The Annual and Deciduous Habits

It is generally accepted that deciduous trees and shrubs shed their leaves in order to escape either the rigours of winter in the temperate zones, or the desiccation of a dry season in the tropics. And that, for the same reasons, annual plants die off completely, except for their well protected, dormant seeds. Many perennial herbs also die off above ground, and survive an adverse season solely as underground organs, such as tubers, corms, or bulbs, that are capable of regenerating new plants with a return to favourable growing conditions. These various dormant organs are also capable of surviving fire.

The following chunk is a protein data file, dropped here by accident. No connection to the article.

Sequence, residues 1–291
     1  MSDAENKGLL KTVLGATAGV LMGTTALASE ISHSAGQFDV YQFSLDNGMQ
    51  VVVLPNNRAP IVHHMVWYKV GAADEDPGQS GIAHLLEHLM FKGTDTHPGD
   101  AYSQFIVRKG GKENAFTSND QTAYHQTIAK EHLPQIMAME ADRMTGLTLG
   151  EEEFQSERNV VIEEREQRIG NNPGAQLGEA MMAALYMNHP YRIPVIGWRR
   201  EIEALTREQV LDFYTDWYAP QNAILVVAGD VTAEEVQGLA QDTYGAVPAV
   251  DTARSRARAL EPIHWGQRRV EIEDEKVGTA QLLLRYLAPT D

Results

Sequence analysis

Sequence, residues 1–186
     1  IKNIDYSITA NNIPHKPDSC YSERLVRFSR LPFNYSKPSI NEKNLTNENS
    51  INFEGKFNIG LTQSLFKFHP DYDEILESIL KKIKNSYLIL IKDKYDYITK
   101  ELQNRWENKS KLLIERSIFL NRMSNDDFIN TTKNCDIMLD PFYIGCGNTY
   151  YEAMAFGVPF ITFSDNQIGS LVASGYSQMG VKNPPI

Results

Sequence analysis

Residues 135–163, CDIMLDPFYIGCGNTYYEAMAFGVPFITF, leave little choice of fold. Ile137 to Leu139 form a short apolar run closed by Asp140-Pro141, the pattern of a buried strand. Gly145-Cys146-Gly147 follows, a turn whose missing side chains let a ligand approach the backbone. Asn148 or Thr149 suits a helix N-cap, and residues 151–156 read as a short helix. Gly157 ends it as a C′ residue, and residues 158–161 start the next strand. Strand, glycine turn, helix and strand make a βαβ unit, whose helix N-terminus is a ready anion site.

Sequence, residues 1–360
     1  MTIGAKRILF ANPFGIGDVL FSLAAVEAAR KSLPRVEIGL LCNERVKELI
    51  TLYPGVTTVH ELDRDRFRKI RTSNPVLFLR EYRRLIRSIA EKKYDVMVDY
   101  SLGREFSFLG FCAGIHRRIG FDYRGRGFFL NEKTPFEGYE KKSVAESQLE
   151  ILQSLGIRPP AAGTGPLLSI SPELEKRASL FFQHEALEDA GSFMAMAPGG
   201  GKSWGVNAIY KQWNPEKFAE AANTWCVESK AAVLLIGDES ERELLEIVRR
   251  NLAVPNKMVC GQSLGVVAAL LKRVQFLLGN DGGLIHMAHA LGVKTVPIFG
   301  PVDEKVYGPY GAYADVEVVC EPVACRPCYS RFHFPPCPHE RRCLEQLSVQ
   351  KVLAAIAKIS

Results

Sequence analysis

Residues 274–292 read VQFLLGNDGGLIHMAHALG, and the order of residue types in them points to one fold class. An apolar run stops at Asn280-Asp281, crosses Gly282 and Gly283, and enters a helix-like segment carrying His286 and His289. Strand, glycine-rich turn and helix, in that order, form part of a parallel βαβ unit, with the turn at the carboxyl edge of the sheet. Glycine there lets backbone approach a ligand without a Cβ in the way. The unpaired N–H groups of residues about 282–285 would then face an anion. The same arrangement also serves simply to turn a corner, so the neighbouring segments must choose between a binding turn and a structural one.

It is much less generally appreciated that these deciduous and annual habits also have an important survival advantage in terms of parasitism, and that they provide a plant pathosystem with sequential discontinuity. In its turn, this sequential discontinuity permits both the evolution, and the functioning, of a gene-for-gene relationship, and the stabilising effects of a system of locking.

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